Class 6: Content creation, part 2

November 17, 2012


The class discussion looked in more detail at what is meant by ‘content’ and talked about the various types of content that can be created online, from building objects in SL to writing posts for blogs etc. This led on naturally to considering the merit and value of content. Determining the value of other people’s content requires an understanding of their reputation. In traditional publishing the high cost of production has resulted in an industry that is controlled by the commercial publishing houses or the press. Academics are published following peer review. These mechanisms regulate the output and give consumers a signal regarding the quality and value of the output.

The online environment has all but eliminated the cost of production allowing anyone to publish to  a blog, or create any other content they can imagine, without any of the ‘gatekeepers’ of the analogue world filtering the wheat from the chaff. Therefore we have to find other methods for rating the calibre of what it available.

When offering our own content we should be aware of these issues so that we can present ourselves in the most appropriate manner to our relevant audiences. Developing our personal brand requires establishing a reputation for reliability and consistency to start with. Many of the online tools available to support content distribution also include statistical analysis of how our content is accessed which is useful for seeing how others might value our content.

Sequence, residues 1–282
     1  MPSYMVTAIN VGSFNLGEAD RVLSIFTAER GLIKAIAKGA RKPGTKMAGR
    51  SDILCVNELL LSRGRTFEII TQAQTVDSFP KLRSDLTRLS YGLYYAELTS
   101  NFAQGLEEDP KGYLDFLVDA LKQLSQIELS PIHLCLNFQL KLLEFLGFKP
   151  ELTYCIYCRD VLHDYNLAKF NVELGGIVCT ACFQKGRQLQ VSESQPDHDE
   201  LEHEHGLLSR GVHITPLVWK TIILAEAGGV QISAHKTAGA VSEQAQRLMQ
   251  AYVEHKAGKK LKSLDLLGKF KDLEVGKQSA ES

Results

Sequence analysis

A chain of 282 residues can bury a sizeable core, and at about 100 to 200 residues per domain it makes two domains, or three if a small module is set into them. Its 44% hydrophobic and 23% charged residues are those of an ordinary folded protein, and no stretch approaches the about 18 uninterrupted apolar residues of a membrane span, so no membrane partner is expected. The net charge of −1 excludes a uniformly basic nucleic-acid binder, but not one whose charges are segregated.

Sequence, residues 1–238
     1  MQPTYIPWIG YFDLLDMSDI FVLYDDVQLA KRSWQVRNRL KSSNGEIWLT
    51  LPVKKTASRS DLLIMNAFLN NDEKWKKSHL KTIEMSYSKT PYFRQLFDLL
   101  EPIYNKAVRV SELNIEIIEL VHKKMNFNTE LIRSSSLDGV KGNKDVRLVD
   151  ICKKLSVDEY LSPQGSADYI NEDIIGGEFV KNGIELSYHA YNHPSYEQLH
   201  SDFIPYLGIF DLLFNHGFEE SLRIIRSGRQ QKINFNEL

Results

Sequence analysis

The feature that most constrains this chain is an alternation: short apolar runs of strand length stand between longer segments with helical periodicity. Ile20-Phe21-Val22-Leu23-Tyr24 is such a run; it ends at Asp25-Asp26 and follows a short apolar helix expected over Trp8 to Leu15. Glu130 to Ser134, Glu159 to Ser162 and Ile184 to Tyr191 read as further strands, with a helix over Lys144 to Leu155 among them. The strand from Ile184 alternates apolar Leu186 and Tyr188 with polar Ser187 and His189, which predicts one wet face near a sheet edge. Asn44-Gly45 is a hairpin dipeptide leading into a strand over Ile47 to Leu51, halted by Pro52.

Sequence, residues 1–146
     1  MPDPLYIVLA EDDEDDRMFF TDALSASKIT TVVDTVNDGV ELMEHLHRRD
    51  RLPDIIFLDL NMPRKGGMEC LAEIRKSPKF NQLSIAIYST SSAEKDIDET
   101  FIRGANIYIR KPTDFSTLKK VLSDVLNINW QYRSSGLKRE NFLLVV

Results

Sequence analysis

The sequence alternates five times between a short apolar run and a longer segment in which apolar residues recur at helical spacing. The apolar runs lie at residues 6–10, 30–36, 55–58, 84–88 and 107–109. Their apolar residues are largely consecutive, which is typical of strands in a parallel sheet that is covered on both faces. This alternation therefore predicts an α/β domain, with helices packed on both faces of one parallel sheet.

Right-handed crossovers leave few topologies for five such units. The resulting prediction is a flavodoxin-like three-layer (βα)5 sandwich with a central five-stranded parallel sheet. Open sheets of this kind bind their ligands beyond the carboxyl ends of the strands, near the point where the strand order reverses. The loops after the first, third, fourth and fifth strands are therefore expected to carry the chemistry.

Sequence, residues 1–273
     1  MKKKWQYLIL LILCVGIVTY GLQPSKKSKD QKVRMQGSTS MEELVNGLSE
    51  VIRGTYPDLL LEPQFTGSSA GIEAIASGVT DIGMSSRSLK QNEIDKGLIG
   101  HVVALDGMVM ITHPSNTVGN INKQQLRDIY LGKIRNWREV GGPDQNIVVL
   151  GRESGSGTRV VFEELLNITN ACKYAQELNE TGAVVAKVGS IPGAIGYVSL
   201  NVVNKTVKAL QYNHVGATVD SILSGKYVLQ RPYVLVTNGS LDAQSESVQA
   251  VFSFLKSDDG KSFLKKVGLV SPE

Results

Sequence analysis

We moved the class to the Dublin Amphitheatre for the second half of the class simply to vary the environment. This is one of the possible venues for the final presentation of the group project. However, it is entirely up to the class to decide on the most appropriate venue, which may be anywhere in SL that suits you and can be agreed by all. There was some discussion about how the groups are functioning and we decided to review that in the next class.


Tae reminded the class that he and Locks were conducting the first assessment of the module. Some students have not yet submitted links to their blogs or their twitter contact details. You need to do both immediately or you risk failing the assessment. Participants were advised to re-read the posts for each class and ensure they have completed all items listed under ‘activities for next week’, particularly ensuring you have written all the posts required.


  1. In your groups prepare a brief summary of progress on your project work.
  2. Write a post to your blog describing your experience of working in your group so far. Be honest about what is not working in addition to what is working and consider how you would like to be better.

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